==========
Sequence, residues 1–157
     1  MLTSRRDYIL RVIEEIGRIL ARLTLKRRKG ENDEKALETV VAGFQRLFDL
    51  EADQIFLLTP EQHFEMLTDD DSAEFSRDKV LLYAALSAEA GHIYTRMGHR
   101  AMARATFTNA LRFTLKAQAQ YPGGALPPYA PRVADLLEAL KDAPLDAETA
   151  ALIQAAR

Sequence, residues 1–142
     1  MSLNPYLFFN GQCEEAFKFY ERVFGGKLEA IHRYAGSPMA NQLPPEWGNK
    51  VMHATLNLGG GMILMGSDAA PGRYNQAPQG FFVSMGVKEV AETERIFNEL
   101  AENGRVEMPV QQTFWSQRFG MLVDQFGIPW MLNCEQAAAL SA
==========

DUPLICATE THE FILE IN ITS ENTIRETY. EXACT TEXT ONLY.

Sequence, residues 1–157
     1  MLTSRRDYIL RVIEEIGRIL ARLTLKRRKG ENDEKALETV VAGFQRLFDL
    51  EADQIFLLTP EQHFEMLTDD DSAEFSRDKV LLYAALSAEA GHIYTRMGHR
   101  AMARATFTNA LRFTLKAQAQ YPGGALPPYA PRVADLLEAL KDAPLDAETA
   151  ALIQAAR

Sequence, residues 1–142
     1  MSLNPYLFFN GQCEEAFKFY ERVFGGKLEA IHRYAGSPMA NQLPPEWGNK
    51  VMHATLNLGG GMILMGSDAA PGRYNQAPQG FFVSMGVKEV AETERIFNEL
   101  AENGRVEMPV QQTFWSQRFG MLVDQFGIPW MLNCEQAAAL SA